UN Secretary-General António Guterres has sent a stark message to world leaders at COP26 in Glasgow, warning people all over the world to stop treating nature as a toilet.

“Enough of brutalising biodiversity, killing ourselves with carbon, treating nature like a toilet, burning, and drilling and mining our way deeper,” he said. “We are digging our own graves,” Guterres said, adding that our planet is changing before our eyes from melting glaciers to relentless extreme weather events.”

Mr Guterres said on day two of the summit that the world would be digging its own grave if it did not stop practices that harm the environment.

The UN chief took the podium with a blunt opening message, stating that “we face a stark choice. Either we stop it – or it stops us.”

He reminded that sea-level rise is double the rate it was 30 years ago, that oceans are hotter than ever, and that parts of the Amazon rainforest now emit more carbon than they absorb.

The UN chief called for greater ambition on mitigation and immediate concrete action to reduce global emissions by 45 per cent by 2030, an effort that developed countries should lead.

“G20 countries have a particular responsibility as they represent around 80 per cent of emissions,” he said, making clear, however, that emerging economies must also go the extra mile,” he stated. “We need maximum ambition – from all countries on all fronts – to make Glasgow a success.”

Mr Guterres urged nations to build coalitions to create the financial and technological conditions to accelerate decarbonisation of the economy and the phase out of coal.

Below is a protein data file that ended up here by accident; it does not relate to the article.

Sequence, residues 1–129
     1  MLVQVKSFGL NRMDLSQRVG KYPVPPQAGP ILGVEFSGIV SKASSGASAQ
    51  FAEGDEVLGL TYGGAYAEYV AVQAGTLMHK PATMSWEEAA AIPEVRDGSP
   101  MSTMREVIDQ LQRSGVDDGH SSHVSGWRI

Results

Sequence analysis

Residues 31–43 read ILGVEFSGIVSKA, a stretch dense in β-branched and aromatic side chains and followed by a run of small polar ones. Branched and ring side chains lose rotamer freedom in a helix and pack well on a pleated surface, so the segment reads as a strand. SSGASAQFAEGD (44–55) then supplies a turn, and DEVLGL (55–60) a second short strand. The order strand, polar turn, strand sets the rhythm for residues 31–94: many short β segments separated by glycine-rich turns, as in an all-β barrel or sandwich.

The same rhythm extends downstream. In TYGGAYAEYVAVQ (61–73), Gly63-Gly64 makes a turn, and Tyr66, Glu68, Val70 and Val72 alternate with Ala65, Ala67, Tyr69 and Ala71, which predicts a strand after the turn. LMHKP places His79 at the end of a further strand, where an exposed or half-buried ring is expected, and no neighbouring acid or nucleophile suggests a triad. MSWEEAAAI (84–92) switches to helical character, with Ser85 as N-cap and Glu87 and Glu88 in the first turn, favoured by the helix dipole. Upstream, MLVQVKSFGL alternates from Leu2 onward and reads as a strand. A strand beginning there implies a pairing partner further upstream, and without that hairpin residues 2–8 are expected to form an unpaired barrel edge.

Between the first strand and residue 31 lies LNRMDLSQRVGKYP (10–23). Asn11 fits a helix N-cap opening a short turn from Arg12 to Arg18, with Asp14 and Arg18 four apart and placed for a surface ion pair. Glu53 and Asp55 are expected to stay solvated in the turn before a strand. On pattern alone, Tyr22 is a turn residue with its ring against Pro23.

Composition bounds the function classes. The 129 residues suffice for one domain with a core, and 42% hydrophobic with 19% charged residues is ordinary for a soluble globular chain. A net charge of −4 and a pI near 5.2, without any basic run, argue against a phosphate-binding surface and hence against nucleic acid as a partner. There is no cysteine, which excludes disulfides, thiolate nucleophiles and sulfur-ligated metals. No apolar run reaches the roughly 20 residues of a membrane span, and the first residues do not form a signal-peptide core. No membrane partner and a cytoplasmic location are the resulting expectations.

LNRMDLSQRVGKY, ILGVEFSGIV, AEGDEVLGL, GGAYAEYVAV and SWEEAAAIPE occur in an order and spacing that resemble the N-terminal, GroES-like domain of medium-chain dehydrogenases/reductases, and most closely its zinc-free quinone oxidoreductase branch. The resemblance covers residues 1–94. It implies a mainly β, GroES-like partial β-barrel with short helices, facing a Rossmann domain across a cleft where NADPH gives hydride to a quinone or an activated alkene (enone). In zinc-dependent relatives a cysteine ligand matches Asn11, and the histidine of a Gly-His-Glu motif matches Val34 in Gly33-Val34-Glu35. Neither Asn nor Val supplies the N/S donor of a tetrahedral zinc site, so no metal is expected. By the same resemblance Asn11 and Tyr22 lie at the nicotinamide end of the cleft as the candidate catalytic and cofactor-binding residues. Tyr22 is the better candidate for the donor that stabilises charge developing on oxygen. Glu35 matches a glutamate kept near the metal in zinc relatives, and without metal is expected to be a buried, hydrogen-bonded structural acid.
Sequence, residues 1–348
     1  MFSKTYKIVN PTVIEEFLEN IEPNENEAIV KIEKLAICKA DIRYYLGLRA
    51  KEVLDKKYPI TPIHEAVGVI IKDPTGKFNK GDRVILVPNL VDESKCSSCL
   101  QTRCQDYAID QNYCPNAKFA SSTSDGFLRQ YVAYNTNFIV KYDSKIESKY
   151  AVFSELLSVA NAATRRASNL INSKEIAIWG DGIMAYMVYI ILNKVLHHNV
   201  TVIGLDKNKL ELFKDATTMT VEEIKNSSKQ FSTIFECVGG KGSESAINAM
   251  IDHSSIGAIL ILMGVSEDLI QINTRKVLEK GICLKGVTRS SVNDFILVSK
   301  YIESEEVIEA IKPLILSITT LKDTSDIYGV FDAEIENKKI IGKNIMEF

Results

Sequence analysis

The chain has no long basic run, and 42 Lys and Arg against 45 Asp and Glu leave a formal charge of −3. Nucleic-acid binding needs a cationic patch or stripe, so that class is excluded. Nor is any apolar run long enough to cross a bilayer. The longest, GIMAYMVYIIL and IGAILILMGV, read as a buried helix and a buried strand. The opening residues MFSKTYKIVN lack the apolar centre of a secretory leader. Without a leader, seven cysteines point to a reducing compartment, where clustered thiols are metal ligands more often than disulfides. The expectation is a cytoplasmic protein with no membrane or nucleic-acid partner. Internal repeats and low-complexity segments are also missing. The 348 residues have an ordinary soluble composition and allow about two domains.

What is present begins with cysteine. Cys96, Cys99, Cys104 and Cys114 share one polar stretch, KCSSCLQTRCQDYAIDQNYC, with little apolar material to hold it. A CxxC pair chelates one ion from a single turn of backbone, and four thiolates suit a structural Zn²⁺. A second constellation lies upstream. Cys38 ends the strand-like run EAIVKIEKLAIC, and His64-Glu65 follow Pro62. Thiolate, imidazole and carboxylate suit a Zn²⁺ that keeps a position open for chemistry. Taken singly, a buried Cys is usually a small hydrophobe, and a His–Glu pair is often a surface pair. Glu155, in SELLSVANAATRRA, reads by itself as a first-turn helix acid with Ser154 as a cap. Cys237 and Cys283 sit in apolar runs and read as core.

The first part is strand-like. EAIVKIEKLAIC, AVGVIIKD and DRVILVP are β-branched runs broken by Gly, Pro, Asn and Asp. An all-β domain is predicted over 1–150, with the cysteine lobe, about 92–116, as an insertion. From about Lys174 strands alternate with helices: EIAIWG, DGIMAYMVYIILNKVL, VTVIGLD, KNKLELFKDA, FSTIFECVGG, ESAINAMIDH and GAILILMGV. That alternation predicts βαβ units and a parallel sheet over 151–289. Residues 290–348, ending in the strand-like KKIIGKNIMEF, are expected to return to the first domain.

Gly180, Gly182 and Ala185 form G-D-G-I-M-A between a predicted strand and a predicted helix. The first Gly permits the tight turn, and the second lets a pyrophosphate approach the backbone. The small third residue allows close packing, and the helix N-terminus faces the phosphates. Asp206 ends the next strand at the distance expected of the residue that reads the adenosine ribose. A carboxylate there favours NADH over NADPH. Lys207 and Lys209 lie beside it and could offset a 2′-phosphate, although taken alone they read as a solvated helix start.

Also, referring to a key negotiating issue during this COP26, the secretary-general said countries must revisit their national climate plans and policies, not every five years, but every year, if commitments fall short by the end of COP26.

“There is a deficit of credibility and a surplus of confusion over emissions reductions and net-zero targets, with different meanings and different metrics,’’ he said.

The UN chief announced the establishment of a group of experts to propose clear standards to measure and analyse net-zero commitments from non-state actors.

Mr Guterres highlighted that adaption measures work and that early warning systems, as well as climate-smart agriculture and infrastructure, save lives and jobs.

“All donors must allocate half their climate finance to adaptation. Public and multilateral development banks should start as soon as possible,” he said.

The UN chief reiterated his call for a $100 billion climate finance commitment to support developing countries to become a reality.

He said delivering on that promise made at COP15 in Copenhagen was critical to restoring trust and credibility, but beyond that, developing countries need far greater resources to fight COVID-19, build resilience and pursue sustainable development.

“Those suffering the most – namely, Least Developed Countries (LDCs) and Small Island Developing States (SIDS) – need urgent funding. More public climate finance. More overseas development aid. More grants. Easier access to funding,” he urged.

The secretary-general said the private sector is also waking up and building new alliances to catalyse change.

“The climate action army – led by young people – is unstoppable. They are larger. They are louder. And, I assure you, they are not going away. I stand with them,” he said.

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